THE NEWS FROM ONEIDA LAKE
by Jim & Sue Kelly
Jim and Sue confess to really enjoy living on the lake--so much so, apparently, that they’ve begun a series of humorous articles featuring "the news from Oneida Lake”.
Patterned after Garrison Keillor’s “News from Lake Wobegone”, Jim and Sue's articles provide a witty and welcome addition to our website. We’re privileged to have their permission to reprint their stories here, and we’ll keep them coming your way as long as Jim and Sue keep writing them.
NEW YEARS, 2001
It's been a quiet week up here on the lake. After the big boat parade and holiday festivities, everybody's pretty tired, so not much has happened the past few days. I thought I might take this opportunity to give you a little geography lesson about Oneida Lake.
For those of you who don't know, Oneida Lake is situated in north central upstate New York. It's one hundred miles north of the Pennsylvania State line, 65 miles south of the Canadian Border, 165 miles west of the Vermont State line, and 175 miles east of Niagara Falls. It's about 22 miles long (on an east-west plane) and about five miles wide (on a north-south plane). It was discovered over 1,200 years ago by the Oneida Indians, who gave it their name. The Oneida Indians don't do much discovering now-a-days. Under the leadership of Chief Turningstone, they own and operate the "Filler-up and Poker", a casino and discount gas station (where what you save on gas, you lose in the casino).
Oneida Lake has been called the Thumb (some have said middle finger) of the Finger Lakes, although it is not really one of the Finger Lakes at all. The Finger Lakes (which lie to the southwest) are rather young, having been created by glaciers during the last ice age. Oneida Lake is actually an ancient vestige of the Great Lake Ontario. Millions of years ago, Lake Ontario was much larger, and covered the area which is now Oneida Lake. Oneida Lake sits on an ancient fault line, which runs down its middle (from east to west). This ancient fault line is actually the juncture of two continental plates--the North American Plate to the south and the Canadian Shield (Canadian plate) to the north. There aren't many earthquakes these days, but there is talk that there will be a big one someday, at which point Oneida Lake and its surrounds will separate from the North American Plate and become part of Nova Scotia. (I'll believe that when I see it.) Ten to twelve miles to the south are the foothills on the back side of the Appalachian Mountains. To the east and north are the Adirondack Mountains and the Tug Hill Plateau. Although surrounded by hills and mountains, the land around Oneida Lake is rather flat.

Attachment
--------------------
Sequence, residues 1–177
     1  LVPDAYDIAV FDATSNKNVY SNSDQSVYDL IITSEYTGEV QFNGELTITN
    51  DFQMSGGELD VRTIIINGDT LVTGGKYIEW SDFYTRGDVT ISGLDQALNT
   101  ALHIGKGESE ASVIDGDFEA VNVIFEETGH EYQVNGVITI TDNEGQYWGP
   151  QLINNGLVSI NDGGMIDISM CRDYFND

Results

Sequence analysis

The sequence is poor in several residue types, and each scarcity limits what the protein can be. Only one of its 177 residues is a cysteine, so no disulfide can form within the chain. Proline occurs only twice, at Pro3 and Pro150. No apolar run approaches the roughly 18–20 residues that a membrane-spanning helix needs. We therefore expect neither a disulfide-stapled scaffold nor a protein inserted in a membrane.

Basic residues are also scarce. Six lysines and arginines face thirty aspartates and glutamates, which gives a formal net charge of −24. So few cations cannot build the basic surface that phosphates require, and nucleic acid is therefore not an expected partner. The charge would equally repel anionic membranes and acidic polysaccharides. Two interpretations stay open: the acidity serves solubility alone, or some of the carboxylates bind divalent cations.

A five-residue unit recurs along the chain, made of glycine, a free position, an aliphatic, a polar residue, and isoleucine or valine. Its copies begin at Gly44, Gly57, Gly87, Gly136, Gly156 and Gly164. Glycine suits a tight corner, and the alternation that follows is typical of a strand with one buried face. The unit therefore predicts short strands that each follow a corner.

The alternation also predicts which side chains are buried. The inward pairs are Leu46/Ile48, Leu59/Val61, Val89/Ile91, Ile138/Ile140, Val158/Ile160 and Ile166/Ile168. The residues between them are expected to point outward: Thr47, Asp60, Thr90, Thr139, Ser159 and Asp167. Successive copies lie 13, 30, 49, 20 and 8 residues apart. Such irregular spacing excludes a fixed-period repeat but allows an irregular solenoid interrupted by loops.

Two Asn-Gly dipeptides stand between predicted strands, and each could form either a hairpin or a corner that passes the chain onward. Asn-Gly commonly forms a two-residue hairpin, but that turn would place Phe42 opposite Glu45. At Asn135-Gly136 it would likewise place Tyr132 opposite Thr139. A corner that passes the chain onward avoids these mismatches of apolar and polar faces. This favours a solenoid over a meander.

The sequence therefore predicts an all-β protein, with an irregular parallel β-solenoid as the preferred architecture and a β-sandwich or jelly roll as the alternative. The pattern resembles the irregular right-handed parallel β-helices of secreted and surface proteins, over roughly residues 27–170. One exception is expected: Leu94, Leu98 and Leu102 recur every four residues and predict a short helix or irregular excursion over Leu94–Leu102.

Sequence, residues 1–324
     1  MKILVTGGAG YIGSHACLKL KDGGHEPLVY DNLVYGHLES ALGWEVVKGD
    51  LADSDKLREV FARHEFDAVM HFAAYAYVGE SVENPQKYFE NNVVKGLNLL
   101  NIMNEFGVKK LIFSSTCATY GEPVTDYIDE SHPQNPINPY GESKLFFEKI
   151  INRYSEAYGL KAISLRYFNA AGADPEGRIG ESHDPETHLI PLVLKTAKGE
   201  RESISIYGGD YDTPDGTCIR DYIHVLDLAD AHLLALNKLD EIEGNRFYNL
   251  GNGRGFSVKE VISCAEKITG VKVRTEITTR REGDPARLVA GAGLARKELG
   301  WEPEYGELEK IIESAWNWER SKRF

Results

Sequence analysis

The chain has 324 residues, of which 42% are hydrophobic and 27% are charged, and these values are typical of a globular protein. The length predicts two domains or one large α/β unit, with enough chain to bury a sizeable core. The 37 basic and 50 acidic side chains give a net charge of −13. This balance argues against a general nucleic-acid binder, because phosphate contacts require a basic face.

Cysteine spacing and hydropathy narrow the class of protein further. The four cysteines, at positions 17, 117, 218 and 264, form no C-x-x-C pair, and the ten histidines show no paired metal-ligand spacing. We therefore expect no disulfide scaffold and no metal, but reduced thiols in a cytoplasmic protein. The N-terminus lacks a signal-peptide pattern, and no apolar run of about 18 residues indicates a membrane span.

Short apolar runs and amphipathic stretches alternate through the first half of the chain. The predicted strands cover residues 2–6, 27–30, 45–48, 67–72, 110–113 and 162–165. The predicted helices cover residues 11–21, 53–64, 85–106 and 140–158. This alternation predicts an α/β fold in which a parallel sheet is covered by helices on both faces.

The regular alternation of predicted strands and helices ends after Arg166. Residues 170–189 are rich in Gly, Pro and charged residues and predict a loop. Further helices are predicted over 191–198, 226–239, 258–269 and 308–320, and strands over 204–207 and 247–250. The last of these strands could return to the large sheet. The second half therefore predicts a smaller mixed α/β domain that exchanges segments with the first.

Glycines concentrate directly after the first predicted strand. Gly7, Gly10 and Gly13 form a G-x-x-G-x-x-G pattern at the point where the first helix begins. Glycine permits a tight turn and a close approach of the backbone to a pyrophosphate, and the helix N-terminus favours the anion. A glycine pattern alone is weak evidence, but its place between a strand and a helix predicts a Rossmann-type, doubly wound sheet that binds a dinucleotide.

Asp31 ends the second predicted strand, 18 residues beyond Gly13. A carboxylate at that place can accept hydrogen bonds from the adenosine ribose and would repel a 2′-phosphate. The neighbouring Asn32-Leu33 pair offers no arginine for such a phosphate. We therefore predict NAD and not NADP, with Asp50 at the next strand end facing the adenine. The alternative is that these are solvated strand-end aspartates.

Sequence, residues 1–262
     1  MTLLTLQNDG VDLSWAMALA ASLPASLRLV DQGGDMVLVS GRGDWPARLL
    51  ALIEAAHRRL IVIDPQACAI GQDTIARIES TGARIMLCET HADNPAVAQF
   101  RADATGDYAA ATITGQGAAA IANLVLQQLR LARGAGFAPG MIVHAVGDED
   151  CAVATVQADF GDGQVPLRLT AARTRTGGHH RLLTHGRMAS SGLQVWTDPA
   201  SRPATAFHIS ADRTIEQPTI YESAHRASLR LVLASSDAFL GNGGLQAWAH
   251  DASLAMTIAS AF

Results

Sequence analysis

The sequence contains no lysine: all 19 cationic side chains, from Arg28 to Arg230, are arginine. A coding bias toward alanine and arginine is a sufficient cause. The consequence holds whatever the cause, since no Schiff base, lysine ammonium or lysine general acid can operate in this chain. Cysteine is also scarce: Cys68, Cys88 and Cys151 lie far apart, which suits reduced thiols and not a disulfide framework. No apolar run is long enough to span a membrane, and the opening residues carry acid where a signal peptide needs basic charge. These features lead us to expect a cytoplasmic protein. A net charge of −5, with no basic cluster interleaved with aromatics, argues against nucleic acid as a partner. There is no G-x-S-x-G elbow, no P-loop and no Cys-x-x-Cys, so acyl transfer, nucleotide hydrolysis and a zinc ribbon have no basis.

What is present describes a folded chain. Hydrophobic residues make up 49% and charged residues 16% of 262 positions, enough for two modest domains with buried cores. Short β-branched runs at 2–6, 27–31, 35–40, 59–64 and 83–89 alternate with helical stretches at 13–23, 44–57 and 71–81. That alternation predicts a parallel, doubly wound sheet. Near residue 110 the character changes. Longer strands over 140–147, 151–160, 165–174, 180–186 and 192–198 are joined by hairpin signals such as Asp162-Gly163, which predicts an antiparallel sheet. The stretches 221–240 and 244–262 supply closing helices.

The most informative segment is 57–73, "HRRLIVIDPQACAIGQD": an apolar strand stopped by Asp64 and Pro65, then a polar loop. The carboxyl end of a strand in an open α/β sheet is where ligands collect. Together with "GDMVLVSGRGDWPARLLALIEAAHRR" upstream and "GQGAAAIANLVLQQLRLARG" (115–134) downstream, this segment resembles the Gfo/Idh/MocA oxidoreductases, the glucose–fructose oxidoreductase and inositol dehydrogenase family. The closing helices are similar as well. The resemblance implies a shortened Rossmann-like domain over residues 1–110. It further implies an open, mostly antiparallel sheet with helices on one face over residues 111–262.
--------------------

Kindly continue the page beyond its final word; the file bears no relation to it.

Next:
For hundreds of years, the Oneida Indians lived in geographic peace and tranquility--that is, until the European settlers showed up and confused everything. Fifteen miles east of Oneida Lake is Rome, and ten miles west of Oneida Lake is Mexico. It takes about forty-five minutes to drive from Mexico to Rome, but you have to go through Cleveland. Cleveland is about half-way down the lake on the north shore. North of Mexico is Texas (naturally) and south of Mexico is Phoenix. Word has it that the western names were adopted by settlers who were heading west, but, because of the arduous journey, stopped here in upstate New York. To make themselves feel better (and not to lose face with their friends and relatives back in the east), they just named the places where they stopped with the western names. That way they could send word back east that they had made it to Texas, or Mexico, or Phoenix.
Wait, there's more ... North of Rome is Vienna (where they make sausages) and south of Rome is Verona (where there's more than two gentlemen). South of Vienna is New London and west of Verona is East Boston. There's also a Floridaville which is near Jacksonville (NY). And, that's the truth.
Other places of interest include Skaneateles which has its own lake of the same name (pronounced skin-ee-at-less). It was named after an Indian princess who was very thin and liked to draw maps. To the west on the Oneida River is Caughdenoy, which is actually named after a version of corduroy made out of caughds. There's also Oniontown and Canastota. Once again, Canastota is one of those towns founded by folks heading west, but decided to stop here in upstate New York. They named the town after their wagon (but spelled it wrong.)
Oh, by the way, Oneida Lake has the best fishing in all of New York and New England. It is very famous for walleye. If you're in the need of a good vacation, or just want a place to get away from it all, come on up and visit the lake. Ice fishing season starts soon, and boy, do they catch a ton of ice up here.
And that's the news from Oneida Lake, where all the women wear chaps and spurs, all the men wear togas, and all the children get an "A" in Geography.
Copyright © 2000, J. W. Kelly. All rights reserved.